Having only one child who just turned 8 years old late last year, I’ve only had the pleasure (is that the right word?) of two back-to-school experiences. Kindergarten doesn’t count since that was a first-time deal, and all new from the get-to. I am by no means a back-to-school expert.
But I have some thoughts, and bear with me through this, I promise it will circle back.
Truthfully, unlike most parents, sending my son back to school was never an emotional thing for me. Even on his first day of kindergarten, when I was offered a Kleenex while walking into the gymnasium I refused and wondered if I was the one in the wrong as I noticed mothers around me sniffling, teary-eyed as their littles made instant new friends and “grew up” before their eyes.
I loved watching my son grow every day at school. Loved his excitement when I dropped him off. Loved the stories he shared when he got home and the new facts he was desperate to share. Loved seeing him turn into the little person he’s become today.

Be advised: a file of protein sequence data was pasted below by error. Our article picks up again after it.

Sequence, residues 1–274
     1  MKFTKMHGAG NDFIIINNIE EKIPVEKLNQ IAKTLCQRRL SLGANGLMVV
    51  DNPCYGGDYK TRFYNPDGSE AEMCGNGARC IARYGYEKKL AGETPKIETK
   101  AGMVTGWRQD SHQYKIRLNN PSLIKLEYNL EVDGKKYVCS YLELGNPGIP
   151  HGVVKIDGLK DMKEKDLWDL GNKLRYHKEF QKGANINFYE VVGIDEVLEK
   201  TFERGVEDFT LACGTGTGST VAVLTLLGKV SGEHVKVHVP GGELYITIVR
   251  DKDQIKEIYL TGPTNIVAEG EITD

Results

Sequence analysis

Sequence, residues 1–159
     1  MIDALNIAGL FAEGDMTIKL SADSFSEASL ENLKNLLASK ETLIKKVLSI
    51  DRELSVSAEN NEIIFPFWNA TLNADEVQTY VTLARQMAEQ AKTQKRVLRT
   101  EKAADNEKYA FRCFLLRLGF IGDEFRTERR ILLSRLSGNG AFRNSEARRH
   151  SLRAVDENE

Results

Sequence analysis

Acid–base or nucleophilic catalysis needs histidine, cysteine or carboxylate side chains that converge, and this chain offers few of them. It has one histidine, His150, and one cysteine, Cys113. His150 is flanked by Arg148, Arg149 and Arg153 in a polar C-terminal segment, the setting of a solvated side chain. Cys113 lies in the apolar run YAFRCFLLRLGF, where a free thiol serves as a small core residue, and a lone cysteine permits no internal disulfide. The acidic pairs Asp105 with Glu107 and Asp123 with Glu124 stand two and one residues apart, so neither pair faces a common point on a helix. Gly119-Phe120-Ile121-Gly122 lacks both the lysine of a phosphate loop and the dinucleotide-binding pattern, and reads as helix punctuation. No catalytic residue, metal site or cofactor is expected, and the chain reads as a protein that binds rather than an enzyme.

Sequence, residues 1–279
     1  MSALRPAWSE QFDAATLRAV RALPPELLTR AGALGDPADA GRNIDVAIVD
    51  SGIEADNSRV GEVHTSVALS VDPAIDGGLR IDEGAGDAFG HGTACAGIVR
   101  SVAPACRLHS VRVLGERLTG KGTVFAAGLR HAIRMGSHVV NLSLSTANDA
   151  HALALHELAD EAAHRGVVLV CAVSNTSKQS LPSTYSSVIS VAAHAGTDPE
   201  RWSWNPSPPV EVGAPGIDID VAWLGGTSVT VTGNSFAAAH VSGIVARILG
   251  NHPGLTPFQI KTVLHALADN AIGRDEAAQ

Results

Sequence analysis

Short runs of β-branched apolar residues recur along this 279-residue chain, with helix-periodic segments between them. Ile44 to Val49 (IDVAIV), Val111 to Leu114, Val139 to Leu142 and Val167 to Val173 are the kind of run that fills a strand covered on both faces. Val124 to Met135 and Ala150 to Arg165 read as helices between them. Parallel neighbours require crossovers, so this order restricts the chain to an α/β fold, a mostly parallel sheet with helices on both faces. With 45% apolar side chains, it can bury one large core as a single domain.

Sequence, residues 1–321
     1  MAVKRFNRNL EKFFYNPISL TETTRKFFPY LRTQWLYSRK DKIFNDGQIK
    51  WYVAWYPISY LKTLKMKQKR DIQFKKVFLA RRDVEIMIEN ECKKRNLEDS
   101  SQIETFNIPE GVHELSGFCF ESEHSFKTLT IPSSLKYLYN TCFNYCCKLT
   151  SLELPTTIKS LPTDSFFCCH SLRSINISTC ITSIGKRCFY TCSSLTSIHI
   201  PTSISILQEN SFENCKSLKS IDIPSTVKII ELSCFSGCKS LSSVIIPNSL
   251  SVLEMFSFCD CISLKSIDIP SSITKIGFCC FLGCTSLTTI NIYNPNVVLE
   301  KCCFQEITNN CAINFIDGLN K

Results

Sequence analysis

All that stopped over 60 days ago.
My son’s last day of grade 2 was on March 12, 2020. His school took that Friday off to discuss plans on how to move forward with the pandemic looming overhead and COVID-19 only just beginning is tirade over Quebec. The irony that all this started on a Friday the 13th is not lost on me …
In those first few weeks my social media was flooded with parents suddenly trapped at home with their kids making the very best of a tough situation. Trying to work while also teach and entertain a child (or multiple children, which just makes me feel anxious).
And we did it.
I’ve seen normally career-driven mothers step up to at-home schooling, while putting work on the back burner. Fathers who had never stepped into the kitchen before take on the task of learning how to bake with their children, and siblings normally at each other’s throats help each other learn how to Zoom their classmates or teach a new skill in the backyard. Families are spending more time together not only because they have to, but also because they want to and now they also have the time to. Bike rides and nature hikes, science experiments at home, and finally breaking out board games that have sat dusty on the shelves for years.